Wednesday, October 06, 2004
As Nancy Hicks writes in the Lincoln Journal Star, pro-gambling forces have spent some $2 million on two gambling initiatives in Nebraska, outspending opponents 20 to 1.
Most of the money has come from gambling interests, such as casinos, keno operators, and slot machine companies. The Venetian Casino gave $833,000. A local gambling partnership contributed $650,000. Most of the money is scheduled to be spent on television ads.
This is how democracy is practiced without contribution limits. A coalition of 10,000 Nebraskans could chip in $100 a piece and have the same access to newspaper readers, television watchers, and radio listeners as one lousy guy with a million bucks. Or maybe the guy has ten million bucks and it's even more lopsided.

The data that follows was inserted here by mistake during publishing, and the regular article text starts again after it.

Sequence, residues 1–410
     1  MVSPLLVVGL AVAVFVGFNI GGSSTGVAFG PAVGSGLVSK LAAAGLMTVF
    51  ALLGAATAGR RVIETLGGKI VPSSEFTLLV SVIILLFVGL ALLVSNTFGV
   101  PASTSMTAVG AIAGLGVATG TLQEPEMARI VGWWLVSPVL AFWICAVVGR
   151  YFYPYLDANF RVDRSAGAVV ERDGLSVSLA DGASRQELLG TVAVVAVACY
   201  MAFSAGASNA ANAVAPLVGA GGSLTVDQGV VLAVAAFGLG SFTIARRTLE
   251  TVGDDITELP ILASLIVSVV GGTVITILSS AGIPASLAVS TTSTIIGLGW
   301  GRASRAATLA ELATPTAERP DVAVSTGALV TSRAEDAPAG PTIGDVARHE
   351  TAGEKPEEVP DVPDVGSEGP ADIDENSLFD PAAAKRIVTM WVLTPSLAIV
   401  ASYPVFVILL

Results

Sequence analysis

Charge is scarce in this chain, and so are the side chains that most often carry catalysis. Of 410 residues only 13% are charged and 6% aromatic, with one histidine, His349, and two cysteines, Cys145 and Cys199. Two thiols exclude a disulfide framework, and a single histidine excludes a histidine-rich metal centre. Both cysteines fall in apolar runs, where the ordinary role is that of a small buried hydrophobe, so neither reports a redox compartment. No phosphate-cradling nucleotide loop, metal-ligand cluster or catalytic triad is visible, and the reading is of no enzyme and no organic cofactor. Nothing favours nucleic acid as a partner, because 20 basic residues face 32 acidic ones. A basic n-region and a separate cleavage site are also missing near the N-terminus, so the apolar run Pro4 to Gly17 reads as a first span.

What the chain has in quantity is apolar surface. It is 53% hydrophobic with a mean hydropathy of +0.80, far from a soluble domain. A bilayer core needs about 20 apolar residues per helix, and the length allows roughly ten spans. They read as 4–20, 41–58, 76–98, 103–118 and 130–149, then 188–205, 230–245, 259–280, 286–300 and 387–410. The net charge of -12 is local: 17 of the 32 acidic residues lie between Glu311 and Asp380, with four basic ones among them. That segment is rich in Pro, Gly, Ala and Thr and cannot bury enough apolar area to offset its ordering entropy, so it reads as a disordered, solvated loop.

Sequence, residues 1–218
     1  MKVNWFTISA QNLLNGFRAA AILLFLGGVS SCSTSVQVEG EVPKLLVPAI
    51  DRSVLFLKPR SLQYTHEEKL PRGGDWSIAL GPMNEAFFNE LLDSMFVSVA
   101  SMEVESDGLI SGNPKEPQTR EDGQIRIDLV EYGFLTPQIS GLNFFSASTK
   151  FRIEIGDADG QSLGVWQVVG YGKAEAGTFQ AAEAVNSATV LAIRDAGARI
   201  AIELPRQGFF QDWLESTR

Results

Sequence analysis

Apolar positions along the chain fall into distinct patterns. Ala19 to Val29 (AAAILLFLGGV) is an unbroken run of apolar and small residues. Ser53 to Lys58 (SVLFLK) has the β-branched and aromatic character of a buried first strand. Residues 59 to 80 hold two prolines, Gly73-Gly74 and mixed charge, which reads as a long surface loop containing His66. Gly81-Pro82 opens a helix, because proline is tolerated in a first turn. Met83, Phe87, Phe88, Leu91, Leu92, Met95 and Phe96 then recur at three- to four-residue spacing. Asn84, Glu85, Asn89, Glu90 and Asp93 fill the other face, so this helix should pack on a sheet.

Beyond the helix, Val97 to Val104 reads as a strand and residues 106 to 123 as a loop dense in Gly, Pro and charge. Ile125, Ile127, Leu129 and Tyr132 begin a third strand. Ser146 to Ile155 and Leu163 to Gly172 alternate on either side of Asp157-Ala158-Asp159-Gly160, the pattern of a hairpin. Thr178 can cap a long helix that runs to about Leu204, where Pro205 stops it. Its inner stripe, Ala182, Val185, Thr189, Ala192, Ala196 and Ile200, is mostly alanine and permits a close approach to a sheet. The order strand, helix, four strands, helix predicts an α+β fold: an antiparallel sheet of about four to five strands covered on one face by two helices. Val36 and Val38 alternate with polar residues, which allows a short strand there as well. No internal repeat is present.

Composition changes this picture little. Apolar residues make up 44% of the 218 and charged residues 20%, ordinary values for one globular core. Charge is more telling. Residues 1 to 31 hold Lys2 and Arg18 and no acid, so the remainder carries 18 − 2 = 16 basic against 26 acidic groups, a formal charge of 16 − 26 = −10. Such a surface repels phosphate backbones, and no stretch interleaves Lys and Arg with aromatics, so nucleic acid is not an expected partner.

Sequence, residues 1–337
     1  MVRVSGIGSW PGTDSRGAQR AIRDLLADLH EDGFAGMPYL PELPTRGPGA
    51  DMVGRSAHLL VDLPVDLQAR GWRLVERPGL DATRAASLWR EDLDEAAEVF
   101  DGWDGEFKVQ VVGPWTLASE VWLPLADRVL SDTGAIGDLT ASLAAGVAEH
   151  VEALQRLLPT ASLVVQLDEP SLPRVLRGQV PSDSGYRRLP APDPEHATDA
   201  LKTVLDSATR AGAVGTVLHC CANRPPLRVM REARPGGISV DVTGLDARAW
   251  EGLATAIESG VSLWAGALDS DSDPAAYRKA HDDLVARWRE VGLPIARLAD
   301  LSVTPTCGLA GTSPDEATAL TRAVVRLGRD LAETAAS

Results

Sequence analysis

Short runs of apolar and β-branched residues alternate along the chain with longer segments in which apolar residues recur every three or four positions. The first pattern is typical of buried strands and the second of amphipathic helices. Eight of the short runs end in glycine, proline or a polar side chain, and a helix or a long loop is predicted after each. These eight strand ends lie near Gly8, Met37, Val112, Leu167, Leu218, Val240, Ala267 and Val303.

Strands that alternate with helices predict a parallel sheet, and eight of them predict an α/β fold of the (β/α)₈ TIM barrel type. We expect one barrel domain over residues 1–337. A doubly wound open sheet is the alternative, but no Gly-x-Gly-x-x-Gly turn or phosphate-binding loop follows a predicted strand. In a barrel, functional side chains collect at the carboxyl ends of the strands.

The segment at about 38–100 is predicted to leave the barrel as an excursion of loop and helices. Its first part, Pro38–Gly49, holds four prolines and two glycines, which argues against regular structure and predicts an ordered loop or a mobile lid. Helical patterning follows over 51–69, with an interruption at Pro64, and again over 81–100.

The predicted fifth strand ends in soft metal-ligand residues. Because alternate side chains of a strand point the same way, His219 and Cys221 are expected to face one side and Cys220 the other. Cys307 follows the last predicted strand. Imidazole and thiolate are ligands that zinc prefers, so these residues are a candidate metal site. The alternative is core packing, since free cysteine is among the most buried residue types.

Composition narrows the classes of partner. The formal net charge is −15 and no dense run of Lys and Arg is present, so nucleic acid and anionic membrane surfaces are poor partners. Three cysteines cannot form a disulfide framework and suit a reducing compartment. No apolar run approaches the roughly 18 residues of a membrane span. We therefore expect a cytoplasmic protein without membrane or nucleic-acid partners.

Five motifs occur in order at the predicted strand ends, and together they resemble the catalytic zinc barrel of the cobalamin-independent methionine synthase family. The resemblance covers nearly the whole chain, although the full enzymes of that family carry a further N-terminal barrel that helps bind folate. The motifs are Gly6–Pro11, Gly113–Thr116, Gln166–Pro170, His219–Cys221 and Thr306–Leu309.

There will not always be a rich knight in shining armor to ride to the rescue of the 10,000. Or if there are a thousand rich guys, to ride to the rescue of the ten million. On some issues, it may very well be that those with great wealth are predominantly on one side, and those without are on the other. Democracy does not allow the wealth of the few to trump the will of the many. If it does, it is not a democracy.
Even with white knights, with your Soros or Pickens or Lynch or Arnall, we still come up short of democracy when only the well-financed can take part in the clash of ideas.